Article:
The [Neptune NJ] Township Committee is taking another look at a proposed ordinance that would restrict its use of eminent domain in redevelopment efforts.
The committee was scheduled to vote Monday on an ordinance that offered some restrictions on the use of eminent domain on residential properties and none for commercial properties. The ordinance was meant to replace a "Property Owners Bill of Rights" the committee passed by resolution several years ago.
Township Attorney Gene Anthony has said he believes resolutions are not transferable from one municipal administration to another.
Committeewoman Mary Beth Jahn suggested tabling the ordinance because, she said Tuesday, she did not want to "settle for something that isn't adequate."
She said an alternate ordinance proposed by Committeeman Tom Catley was "interesting," but said she'd also been doing some "soul searching" on the issue.
"I want to sit down and take a look at both of them and see if we can do a little better," she said.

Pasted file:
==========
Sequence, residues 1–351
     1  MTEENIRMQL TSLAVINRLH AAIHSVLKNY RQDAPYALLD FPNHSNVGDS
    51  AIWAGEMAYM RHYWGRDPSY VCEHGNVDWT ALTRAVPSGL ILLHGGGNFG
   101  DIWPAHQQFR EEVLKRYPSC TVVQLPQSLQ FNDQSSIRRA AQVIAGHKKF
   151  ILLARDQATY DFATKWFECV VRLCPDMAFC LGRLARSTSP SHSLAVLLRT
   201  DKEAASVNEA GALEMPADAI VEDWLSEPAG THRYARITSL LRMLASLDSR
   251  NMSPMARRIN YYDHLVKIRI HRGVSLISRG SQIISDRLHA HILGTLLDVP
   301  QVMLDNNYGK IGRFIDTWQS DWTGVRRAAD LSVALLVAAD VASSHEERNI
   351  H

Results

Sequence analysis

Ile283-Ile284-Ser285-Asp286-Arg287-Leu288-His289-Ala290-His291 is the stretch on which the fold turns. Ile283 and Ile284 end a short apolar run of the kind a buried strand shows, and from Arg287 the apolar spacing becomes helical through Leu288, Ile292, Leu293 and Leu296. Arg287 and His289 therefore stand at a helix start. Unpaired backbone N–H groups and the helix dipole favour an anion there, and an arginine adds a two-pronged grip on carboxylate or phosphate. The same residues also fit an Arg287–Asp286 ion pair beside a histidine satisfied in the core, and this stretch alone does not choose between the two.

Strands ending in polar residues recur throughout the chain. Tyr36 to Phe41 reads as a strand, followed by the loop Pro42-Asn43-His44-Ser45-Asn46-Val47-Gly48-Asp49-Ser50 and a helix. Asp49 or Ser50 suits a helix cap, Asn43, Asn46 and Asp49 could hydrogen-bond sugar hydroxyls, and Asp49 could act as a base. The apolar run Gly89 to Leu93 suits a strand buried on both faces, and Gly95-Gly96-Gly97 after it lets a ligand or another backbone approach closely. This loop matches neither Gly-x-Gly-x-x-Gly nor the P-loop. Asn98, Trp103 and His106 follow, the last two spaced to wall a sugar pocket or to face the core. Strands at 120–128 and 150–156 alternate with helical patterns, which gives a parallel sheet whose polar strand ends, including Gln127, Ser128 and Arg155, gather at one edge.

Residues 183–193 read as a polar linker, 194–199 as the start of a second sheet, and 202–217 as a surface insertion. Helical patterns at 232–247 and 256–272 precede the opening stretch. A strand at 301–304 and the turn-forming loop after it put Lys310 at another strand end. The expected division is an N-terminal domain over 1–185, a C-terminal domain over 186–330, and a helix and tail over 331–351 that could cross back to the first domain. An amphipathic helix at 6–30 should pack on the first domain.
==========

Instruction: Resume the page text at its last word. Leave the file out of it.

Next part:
The committee will take up the matter at its next workshop session, set for 6 p.m. May 29 at the municipal building, 25 Neptune Blvd.
Eminent domain is the practice of government of taking private property for fair consideration. Critics have said some towns are abusing that power to allow private developers to profit.
Catley last week suggested strengthening the ordinance to include protections for commercial properties and strengthening protections for residential property owners.
For example, the ordinance that was tabled required a residential property owner to have lived in a house for at least two years before any eminent domain prohibition would be attached to it. Catley's suggestion would remove that threshold and allow a residential property owner to pass the protection onto other family members who may inherit or buy the property.
Jahn said she also thinks the ordinance should include protections for commercial property owners.
Asbury Park NJ Press: www.app.com